Clinical and Biochemical Characteristics of the non-NASH Patients and NASH Patients

 

Non-NASH patients

NASH patients

P value

Age (years)

49.0 ± 15.3

52.8 ± 13.5

0.2995

BMI (m/kg2)

27.6 ± 5.1

28.9 ± 6.0

0.3989

VFA (cm2)

128.6 ± 55.7

133.3 ± 58.8

0.8031

SFA (cm2)

196.9 ± 61.4

232.5 ± 120.9

0.3765

AST (U/ml)

35.7 ± 17.5

63.4 ± 40.7

0.0031

ALT (U/ml)

56.8 ± 31.5

89.9 ± 55.7

0.0115

FBS (mg/dl)

118.7 ± 39.9

118.2 ± 30.8

0.9586

IRI (ul/ml)

13.6 ± 10.8

14.3 ± 8.2

0.7999

HOMA-IR

3.47 ± 2.64

4.05 ± 2.54

0.4725

HDL cholesterol (mg/l)

50.3 ± 12.6

49.3 ± 11.4

0.7463

LDL cholesterol (mg/l)

133.7 ± 27.0

128.6 ± 39.3

0.5928

Triglyceride (mg/l)

159.0 ± 48.9

162.8 ± 81.9

0.8502

Albumin

4.51 ± 0.28

4.45 ± 0.51

0.6175

Platelet count

25.8 ± 5.7

23.2 ± 8.0

0.1816

Hyaluronic acid (ng/dl)

21.6 ± 15.1

50.1 ± 50.2

0.0373

Type IV collagen 7s (ng/dl)

4.41 ± 0.98

5.14 ± 1.31

0.0611

Data are expressed as means ± SD. VFA: visceral fat area, SFA: subcutaneous fat area, AST: aspartate aminotransferase, ALT: alanine aminotransferase, FBS: fasting blood sugar, IRI: immunoreactive insulin, HOMA-IR: homeostasis model assessment of insulin resistance.

Table 3

Clinical and Biochemical Characteristics of Stages 0–2 and Stages 3–4 NAFLD

 

Stages 0–2 NAFLD

Stages 3–4 NAFLD

P value

Age (years)

51.5 ± 13.4

52.8 ± 15.1

0.7564

BMI (m/kg2)

28.1 ± 4.9

30.2 ± 6.7

0.2133

VFA (cm2)

132.1 ± 63.7

135.7 ± 33.4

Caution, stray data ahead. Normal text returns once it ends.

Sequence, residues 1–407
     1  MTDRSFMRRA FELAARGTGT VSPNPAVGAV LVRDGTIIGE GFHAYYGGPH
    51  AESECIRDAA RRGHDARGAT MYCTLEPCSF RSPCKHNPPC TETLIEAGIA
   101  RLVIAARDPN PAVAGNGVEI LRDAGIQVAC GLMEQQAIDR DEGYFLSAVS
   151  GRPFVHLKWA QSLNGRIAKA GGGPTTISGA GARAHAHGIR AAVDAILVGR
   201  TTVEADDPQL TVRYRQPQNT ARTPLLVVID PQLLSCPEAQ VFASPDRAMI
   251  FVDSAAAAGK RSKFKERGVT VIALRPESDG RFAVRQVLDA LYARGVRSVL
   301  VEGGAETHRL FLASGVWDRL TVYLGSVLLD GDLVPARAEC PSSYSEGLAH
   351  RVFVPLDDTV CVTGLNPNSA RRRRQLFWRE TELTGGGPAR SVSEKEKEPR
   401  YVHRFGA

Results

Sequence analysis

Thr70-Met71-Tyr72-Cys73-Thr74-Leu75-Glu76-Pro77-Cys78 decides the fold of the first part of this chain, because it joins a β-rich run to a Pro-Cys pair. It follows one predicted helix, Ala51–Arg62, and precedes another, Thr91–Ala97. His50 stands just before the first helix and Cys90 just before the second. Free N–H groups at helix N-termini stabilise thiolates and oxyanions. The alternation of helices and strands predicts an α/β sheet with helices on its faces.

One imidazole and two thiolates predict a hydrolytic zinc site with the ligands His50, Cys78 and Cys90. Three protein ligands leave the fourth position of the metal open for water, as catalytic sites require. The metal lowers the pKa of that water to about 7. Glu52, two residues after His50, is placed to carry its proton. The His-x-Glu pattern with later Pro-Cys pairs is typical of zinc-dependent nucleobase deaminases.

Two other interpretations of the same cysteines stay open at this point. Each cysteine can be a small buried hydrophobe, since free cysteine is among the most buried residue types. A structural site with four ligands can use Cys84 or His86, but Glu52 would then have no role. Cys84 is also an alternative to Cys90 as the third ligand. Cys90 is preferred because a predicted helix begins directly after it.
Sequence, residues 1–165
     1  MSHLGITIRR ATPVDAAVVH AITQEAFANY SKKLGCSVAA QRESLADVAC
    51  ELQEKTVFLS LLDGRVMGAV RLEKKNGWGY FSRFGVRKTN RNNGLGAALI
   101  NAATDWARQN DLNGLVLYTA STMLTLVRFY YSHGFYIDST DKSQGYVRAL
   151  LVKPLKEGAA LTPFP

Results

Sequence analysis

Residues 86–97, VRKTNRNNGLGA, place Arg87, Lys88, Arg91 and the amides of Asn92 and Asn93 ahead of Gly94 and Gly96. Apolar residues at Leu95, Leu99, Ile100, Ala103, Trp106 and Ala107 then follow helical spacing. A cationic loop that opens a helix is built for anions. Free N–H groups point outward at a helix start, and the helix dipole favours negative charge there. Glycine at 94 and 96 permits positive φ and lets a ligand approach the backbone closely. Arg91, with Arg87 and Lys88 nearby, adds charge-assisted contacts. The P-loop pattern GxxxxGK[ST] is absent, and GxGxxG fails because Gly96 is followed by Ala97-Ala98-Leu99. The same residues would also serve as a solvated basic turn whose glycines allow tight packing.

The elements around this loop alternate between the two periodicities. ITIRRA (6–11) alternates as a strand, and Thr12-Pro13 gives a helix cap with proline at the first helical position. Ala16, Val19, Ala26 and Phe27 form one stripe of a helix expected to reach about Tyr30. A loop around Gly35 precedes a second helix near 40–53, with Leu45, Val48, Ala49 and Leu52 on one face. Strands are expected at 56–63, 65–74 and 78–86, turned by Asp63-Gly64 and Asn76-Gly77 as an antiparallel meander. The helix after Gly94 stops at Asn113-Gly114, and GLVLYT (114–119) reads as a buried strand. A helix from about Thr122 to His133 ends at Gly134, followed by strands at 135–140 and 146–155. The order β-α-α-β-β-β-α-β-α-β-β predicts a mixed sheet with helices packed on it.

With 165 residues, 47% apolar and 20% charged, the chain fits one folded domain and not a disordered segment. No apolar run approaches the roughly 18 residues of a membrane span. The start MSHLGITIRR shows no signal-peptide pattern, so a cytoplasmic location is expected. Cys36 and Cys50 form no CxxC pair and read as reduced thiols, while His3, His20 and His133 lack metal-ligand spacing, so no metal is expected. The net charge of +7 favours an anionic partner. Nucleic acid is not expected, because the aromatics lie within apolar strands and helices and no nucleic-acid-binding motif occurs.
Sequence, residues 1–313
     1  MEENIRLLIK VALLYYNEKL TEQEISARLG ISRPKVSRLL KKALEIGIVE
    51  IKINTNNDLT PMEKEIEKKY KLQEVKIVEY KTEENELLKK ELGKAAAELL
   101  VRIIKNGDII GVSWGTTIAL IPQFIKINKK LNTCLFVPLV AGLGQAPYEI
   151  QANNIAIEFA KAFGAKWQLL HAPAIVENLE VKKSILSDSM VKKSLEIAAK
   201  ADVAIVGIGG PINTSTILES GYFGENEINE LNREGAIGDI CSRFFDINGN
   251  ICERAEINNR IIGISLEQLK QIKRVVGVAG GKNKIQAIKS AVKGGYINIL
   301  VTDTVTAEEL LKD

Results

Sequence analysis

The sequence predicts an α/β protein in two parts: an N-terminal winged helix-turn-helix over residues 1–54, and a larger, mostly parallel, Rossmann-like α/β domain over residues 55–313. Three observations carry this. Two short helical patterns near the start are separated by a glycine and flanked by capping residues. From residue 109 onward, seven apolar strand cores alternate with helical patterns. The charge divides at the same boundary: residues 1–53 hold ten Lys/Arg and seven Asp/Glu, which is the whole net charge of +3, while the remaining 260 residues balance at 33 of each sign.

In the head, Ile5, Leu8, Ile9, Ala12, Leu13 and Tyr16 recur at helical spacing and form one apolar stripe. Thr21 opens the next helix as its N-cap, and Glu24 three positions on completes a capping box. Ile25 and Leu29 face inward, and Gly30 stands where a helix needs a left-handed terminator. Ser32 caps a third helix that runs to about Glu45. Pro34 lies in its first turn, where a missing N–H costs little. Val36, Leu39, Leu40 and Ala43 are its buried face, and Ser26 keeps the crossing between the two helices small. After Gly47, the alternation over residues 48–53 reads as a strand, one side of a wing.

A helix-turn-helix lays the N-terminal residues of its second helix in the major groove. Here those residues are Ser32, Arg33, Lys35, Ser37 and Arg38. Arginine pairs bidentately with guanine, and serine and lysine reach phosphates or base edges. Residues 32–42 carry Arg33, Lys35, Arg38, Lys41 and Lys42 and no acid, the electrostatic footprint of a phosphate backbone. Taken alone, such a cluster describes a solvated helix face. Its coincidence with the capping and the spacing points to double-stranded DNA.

0.8716

SFA (cm2)

216.9 ± 95.3

256.8 ± 108.2

0.0626

AST (U/ml)

54.6 ± 41.0

58.1 ± 26.9

0.7526

ALT (U/ml)

80.3 ± 49.3

82.4 ± 59.5

0.8903

FBS (mg/dl)

122.9 ± 39.9

112.3 ± 17.8

0.3598

IRI (ul/ml)

13.0 ± 9.06

18.3 ± 9.10

0.0762

HOMA-IR

3.56 ± 2.59

5.16 ± 2.43

0.0677

HDL cholesterol (mg/l)

50.1 ± 12.5

47.8 ± 10.2

0.5277

LDL cholesterol (mg/l)

130.6 ± 33.3

129.8 ± 41.0

0.9430

Albumin (mg/l)

4.55 ± 0.27

4.23 ± 0.66

0.0170

Platelet count (ng/ml)

25.8 ± 6.6

20.0 ± 8.7

0.0134

Hyaluronic acid (ng/dl)

32.7 ± 27.8

72.4 ± 68.1

0.0090

Type IV collagen 7s (ng/dl)

4.65 ± 0.93

5.94 ± 1.53

0.0018

Data are expressed as means ± SD. VFA: visceral fat area, SFA: subcutaneous fat area, AST: aspartate aminotransferase, ALT: alanine aminotransferase, FBS: fasting blood sugar, IRI: immunoreactive insulin, HOMA-IR: homeostasis model assessment of insulin resistance.

Figure 1

Plasma PTX3 levels in healthy control subjects, non-NASH patients, and NASH patients. Box plots of plasma PTX3 levels showing interquartile range (box), median (thick line), range (thin lines) and outliers (circles). The length of the box represents the interquatile range within which 50% of the values were located. Plasma PTX3 levels of healthy control subjects, non-NASH and NASH patients.